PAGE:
Published: January 10, 2018

"Living systems are able not just to grow tissues, but to maintain them over time and, in some cases, regenerate them when they are altered by injury or disease. Underlying this ability is the morphogenetic code, which consists of the mechanisms and information structures by which networks of cells represent and dynamically regulate the target" morphology of the system.

EBICS Research Experience for Undergraduates - Application for Summer 2018 is now OPEN!

Published: November 15, 2017

The National Science Foundation (NSF) Center on Emergent Behaviors of Integrated Cellular Systems (EBICS) invites all undergraduates who are U.S. citizens/permanent residents AND currently enrolled in a science/engineering undergraduate program to apply! We strongly encourage students from underrepresented minority groups, women, and individuals with disabilities to submit an application! Learn about what EBICS REU offers and APPLY! Deadline Friday, February 16, 2018.

Dr. Rashid Bashir receives the 2018 Robert A. Pritzker Distinguished Lecture Award

Published: October 10, 2017

University of Illinois at Urbana-Champaign Bioengineering Professor Rashid Bashir has been selected to receive the 2018 Robert A. Pritzker Distinguished Lecture Award, the Biomedical Engineering Society's (BMES) premier recognition for outstanding achievements and leadership in the science and practice of biomedical engineering.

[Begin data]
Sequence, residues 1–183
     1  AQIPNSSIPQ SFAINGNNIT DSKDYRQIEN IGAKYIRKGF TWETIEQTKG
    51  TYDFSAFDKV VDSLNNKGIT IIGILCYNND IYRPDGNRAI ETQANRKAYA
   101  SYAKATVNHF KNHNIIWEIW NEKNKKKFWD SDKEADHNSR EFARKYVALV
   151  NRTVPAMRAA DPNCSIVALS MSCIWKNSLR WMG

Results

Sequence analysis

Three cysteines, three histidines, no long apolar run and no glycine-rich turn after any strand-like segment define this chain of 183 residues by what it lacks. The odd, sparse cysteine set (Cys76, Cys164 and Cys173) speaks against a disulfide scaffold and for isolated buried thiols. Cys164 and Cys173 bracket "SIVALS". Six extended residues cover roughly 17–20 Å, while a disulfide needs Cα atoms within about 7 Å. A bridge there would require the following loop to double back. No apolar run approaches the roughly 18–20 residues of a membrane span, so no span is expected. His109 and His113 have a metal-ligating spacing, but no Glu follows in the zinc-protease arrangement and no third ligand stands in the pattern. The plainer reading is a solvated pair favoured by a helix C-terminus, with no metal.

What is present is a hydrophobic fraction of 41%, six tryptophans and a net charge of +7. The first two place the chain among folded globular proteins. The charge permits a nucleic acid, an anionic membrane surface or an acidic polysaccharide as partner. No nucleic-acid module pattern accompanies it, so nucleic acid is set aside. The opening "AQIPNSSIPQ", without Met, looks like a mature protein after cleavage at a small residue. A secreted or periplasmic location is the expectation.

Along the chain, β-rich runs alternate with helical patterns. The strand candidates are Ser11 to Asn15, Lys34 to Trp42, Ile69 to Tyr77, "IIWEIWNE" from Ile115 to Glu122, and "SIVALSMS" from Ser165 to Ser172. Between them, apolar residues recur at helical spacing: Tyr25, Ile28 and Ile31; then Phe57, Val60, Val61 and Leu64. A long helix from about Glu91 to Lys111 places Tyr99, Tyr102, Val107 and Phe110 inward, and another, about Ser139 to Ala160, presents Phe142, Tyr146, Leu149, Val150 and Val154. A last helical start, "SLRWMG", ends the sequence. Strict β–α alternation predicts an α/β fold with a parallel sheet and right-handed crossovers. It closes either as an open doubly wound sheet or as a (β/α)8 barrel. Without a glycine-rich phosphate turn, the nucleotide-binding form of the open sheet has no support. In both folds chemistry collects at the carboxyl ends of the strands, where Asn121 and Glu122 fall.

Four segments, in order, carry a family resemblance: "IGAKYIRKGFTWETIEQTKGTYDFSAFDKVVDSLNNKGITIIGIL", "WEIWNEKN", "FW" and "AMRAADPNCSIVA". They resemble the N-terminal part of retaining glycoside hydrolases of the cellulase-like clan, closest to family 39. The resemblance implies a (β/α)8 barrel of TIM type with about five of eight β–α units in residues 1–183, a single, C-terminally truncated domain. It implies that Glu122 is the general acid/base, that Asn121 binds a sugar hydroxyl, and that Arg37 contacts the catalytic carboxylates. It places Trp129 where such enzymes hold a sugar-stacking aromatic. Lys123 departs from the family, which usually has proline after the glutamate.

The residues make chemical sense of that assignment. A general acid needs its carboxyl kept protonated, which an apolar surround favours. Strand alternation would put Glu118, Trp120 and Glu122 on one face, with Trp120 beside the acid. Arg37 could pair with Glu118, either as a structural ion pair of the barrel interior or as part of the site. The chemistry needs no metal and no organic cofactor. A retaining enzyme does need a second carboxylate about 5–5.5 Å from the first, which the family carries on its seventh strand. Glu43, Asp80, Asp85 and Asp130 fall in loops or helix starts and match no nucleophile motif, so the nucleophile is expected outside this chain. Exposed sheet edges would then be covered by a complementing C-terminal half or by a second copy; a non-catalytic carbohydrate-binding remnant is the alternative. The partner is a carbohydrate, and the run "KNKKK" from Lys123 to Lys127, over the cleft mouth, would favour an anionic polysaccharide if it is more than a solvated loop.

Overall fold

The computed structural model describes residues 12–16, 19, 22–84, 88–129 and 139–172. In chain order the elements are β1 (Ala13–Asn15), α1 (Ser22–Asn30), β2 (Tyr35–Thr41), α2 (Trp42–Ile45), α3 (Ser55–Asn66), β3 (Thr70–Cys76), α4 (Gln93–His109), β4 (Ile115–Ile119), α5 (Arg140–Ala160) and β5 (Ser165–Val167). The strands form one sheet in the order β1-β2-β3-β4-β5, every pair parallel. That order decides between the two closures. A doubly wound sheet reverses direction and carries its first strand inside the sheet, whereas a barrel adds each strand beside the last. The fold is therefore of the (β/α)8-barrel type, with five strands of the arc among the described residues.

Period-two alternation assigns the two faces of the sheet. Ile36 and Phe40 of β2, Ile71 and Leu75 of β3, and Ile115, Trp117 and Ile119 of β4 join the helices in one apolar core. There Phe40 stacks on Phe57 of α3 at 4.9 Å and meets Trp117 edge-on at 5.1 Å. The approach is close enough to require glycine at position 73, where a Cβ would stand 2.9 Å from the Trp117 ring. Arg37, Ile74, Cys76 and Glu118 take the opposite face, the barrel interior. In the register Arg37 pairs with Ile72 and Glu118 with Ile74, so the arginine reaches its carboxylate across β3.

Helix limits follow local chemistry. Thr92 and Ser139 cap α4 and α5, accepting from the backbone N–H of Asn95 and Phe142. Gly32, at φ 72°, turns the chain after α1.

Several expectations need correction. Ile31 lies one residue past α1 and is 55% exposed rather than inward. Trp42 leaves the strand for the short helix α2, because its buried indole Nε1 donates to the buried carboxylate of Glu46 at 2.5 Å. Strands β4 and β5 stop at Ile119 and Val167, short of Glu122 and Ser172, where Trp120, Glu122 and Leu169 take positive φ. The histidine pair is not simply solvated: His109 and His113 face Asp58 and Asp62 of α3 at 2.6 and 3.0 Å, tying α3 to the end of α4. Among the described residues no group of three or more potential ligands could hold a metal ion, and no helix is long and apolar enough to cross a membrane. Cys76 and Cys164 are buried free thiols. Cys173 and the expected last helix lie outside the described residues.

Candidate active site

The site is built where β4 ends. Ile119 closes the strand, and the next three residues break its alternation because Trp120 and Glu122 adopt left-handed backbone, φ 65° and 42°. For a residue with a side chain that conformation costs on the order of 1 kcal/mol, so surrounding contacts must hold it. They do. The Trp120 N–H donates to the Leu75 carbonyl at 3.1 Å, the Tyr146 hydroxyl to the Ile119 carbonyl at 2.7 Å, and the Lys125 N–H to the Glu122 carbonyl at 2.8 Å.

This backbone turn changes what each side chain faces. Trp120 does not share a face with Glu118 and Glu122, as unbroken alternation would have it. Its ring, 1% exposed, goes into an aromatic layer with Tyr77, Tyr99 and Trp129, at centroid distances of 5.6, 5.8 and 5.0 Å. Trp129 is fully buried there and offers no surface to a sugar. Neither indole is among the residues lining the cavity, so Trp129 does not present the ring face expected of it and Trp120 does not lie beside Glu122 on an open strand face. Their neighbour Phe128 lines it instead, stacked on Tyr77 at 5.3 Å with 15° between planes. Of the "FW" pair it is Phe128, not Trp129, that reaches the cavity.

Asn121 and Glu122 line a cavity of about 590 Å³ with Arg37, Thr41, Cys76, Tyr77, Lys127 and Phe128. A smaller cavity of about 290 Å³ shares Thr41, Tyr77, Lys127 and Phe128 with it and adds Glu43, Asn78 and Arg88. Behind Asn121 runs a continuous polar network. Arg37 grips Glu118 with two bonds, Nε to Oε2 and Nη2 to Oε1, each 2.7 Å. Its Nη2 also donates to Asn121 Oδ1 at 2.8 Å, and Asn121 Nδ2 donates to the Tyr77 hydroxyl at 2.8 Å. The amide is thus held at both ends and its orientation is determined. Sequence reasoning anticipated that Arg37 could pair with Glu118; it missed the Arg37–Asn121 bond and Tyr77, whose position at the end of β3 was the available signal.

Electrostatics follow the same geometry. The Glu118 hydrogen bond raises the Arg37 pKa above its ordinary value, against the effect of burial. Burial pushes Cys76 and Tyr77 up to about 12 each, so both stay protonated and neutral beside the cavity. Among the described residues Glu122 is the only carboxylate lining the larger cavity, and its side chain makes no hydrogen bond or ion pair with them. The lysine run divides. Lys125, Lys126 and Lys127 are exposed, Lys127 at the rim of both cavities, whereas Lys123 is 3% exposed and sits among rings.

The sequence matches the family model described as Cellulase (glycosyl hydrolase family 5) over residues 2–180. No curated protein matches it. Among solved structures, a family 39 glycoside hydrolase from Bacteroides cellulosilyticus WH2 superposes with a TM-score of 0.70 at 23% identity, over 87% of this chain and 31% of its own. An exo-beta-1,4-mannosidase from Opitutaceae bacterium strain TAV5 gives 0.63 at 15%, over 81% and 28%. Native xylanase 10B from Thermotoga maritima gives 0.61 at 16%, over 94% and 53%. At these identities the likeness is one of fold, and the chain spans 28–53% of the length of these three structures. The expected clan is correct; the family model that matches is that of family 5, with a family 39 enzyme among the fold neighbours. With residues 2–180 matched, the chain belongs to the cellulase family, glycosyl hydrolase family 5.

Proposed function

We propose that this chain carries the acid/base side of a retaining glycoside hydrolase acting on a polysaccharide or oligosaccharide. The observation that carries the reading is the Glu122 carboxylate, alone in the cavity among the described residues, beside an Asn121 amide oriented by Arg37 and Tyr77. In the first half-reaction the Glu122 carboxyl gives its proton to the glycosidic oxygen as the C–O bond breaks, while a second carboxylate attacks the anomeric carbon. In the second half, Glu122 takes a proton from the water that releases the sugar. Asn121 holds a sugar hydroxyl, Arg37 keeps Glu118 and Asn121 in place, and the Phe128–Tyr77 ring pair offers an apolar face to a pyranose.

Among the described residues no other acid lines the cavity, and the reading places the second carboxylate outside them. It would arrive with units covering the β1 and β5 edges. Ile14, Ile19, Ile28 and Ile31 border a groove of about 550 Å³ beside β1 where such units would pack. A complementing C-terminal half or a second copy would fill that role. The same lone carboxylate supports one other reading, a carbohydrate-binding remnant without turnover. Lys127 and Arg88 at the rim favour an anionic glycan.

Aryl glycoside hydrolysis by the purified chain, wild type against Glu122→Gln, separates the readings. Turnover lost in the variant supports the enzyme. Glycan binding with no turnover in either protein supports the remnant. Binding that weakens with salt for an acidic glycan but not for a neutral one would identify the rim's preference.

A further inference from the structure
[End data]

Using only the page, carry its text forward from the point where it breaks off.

Bashir's research focuses on integrating engineering and technology with biology, from the molecular scale to tissues and systems. Among other innovations, his group has developed various lab-on-a-chip technologies, miniature biological robots, and point-of-care diagnostic devices, leading to the creation of multiple startup companies.

Dr. Manu Platt delivers the 2017 Diversity Award Lecture: Biomedical Engineering Society Annual Meeting

Published: October 5, 2017

"We are excited to highlight Manu's activities and many contributions to our community with the opening plenary lecture," said BMES President Lori Setton.

Platt is an engaging speaker and should be a familiar face to regular attendees of the BMES Annual Meeting. He is an Associate Professor of Biomedical Engineering at Georgia Tech & Emory, a Georgia Research Alliance Distinguished Scholar, and Diversity Director for the Science and Technology Center on Emergent Behaviors of Integrated Cellular Systems.

Steve Stice and the Regenerative Bioscience Center enter research consortium with Georgia Tech: CMaT will develop advanced cell therapies for chronic diseases

Published: September 25, 2017

"Steven Stice is leading researchers at the University of Georgia's Regenerative Bioscience Center in a newly funded research consortium designed to hasten the development of advanced cell therapies for a range of chronic diseases, including heart disease and cancer.

With $20 million in funding from the National Science Foundation, the Engineering Research Center for Cell Manufacturing Technologies, dubbed CMaT, will bring together RBC researchers, industry partners, clinicians, engineers, cell biologists and immunologists."